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In the Shadow of the Fallen Towers



by
Don Brown

Edition
Hardcover edition
Publisher
Houghton
Imprint
Print
ISBN
9780358223573
POTENTIALLY SENSITIVE AREAS
Language: Racial or Ethnic Epithet/Slur , Violence: War/Harsh Realities of War , Violence: Torture , Violence: Death
$21.42   $17.85
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A graphic novel chronicling the immediate aftermath and rippling effects of one of the most impactful days in modern history: September 11, 2001. From the Sibert Honor– and YALSA Award–winning creator behind The Unwanted and Drowned City.

The consequences of the terrorist attack on the World Trade Center in New York City, both political and personal, were vast, and continue to reverberate today. Don Brown brings his journalistic eye and attention to moving individual stories to help teens contextualize what they already know about the day, as well as broaden their understanding of the chain of events that occurred in the attack’s wake.

Profound, troubling, and deeply moving, In the Shadow of the Fallen Towers bears witness to our history—and the ways it shapes our future.Afterword. September 11 “Statistics.” Source notes. Bibliography. Full-color illustrations were created with pen and ink, and painted digitally. 

POTENTIALLY SENSITIVE AREAS
Language: Racial or Ethnic Epithet/Slur , Violence: War/Harsh Realities of War , Violence: Torture , Violence: Death

Details

Format

Print

Page Count

128

Trim Size

10 3/10" x 6 3/5"

Dewey

973.931

AR

0: points 0

Genre

Nonfic

Scholastic Reading Counts

0

JLG Release

Sep 2021

Book Genres

Graphic Novels, Narrative Nonfiction

Topics

September 11 Terrorist Attacks, 2001. World Trade Center. First responders. Ground Zero. New York City. Terrorism. War on Terrorism, 2001–2009. Islamophobia. Iraq war. Afghanistan war. Guantánamo Bay detention camp, Cuba.

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Praise & Reviews

School Library Journal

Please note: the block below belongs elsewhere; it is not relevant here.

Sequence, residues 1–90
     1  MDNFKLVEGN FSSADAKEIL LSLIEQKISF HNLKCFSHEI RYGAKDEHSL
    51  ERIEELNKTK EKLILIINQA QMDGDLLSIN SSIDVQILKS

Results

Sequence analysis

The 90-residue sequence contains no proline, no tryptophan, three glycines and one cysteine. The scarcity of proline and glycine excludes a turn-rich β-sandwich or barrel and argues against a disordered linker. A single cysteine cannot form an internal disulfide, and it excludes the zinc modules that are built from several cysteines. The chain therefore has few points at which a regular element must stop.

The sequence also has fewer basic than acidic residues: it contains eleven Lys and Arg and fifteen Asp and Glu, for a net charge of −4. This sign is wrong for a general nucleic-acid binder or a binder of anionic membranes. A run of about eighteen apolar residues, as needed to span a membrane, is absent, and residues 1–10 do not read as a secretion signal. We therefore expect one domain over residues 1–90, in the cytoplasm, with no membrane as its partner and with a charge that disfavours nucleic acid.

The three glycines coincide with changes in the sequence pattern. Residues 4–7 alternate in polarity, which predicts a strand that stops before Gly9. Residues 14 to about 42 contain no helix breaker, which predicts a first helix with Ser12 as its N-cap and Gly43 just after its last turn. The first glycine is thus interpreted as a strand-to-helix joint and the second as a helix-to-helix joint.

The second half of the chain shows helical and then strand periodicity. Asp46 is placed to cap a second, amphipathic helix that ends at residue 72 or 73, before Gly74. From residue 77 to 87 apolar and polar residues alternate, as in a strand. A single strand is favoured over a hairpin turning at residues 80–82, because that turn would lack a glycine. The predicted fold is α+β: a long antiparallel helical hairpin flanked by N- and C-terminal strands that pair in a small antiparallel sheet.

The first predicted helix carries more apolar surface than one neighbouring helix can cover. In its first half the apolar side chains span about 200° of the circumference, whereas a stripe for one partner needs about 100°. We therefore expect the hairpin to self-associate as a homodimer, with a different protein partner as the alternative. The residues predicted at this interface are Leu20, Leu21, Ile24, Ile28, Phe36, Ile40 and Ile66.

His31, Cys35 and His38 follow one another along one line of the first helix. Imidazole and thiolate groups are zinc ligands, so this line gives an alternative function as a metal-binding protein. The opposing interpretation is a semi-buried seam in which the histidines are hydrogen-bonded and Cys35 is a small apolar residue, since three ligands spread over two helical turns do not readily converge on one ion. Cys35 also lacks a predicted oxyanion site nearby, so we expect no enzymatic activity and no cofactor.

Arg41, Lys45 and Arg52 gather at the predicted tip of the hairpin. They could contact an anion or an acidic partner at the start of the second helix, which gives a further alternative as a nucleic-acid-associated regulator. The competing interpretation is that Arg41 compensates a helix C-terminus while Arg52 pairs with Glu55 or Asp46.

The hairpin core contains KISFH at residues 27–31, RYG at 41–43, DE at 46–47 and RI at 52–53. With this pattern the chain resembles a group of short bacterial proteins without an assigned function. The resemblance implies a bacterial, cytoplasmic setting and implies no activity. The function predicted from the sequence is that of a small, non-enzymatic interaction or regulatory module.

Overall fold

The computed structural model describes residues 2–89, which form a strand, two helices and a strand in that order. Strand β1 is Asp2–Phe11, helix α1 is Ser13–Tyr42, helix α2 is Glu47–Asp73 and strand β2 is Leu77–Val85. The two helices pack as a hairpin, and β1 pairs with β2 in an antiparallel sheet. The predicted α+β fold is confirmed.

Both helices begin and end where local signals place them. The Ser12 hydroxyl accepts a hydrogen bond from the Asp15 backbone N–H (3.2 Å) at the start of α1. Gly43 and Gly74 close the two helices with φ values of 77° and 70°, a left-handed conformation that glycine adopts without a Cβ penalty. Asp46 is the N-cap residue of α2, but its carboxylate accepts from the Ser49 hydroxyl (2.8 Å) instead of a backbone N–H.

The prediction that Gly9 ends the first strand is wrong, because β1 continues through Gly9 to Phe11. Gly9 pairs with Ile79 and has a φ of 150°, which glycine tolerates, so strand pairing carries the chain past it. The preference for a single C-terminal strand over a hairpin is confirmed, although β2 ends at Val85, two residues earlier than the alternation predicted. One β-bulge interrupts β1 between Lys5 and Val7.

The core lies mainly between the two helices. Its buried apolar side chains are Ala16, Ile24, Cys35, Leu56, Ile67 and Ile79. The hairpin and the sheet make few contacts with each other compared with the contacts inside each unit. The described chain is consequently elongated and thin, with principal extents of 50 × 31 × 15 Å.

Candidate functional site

Gr 7 Up–Brown’s latest work of graphic nonfiction revisits September 11, 2001, and its aftermath in time for the tragedy’s 20th anniversary. While filming a documentary about New York firefighters, French filmmaker Jules Naudet shifts his lens skyward as the Twin Towers of the World Trade Center are struck by airliners and, ultimately, collapse. Using vivid phrases like “debris-strewn whirlwind,” “ocean of rubble,” and “snowfall of papers,” Brown captions emotional illustrations that depict the wreckage of the ­towers and, later, the Pentagon. Scenes of family members and first responders alike searching for survivors in the following days, weeks, and months are juxtaposed with depictions of the United States’ response to the attacks, including war in the Middle East and a rise in Islamaphobic incidents domestically. Alternating between war and recovery, the remaining pages end with a ceremony one year later where the names of the 2,753 victims are read aloud. Though for a different and more mature audience, Brown’s second attempt at covering this topic (after 2011’s America Is Under Attack) is a more comprehensive look at the tragedy for an older audience. With a palette of mostly cool or ashy watercolors, the red heat of the destruction abruptly and noticeably pops off the page. Varied panel layouts capture the frenetic pace of the emergency, while spreads offer powerful moments of pause. Detailed back matter includes an afterword, sobering statistics, source notes, and an extensive bibliography. Most of the subjects featured in the book are white. ­VERDICT A succinct and impactful look at one of America’s worst tragedies, skillfully rendered by one of comics journalism’s best. –Alec Chunn, Eugene P.L., OR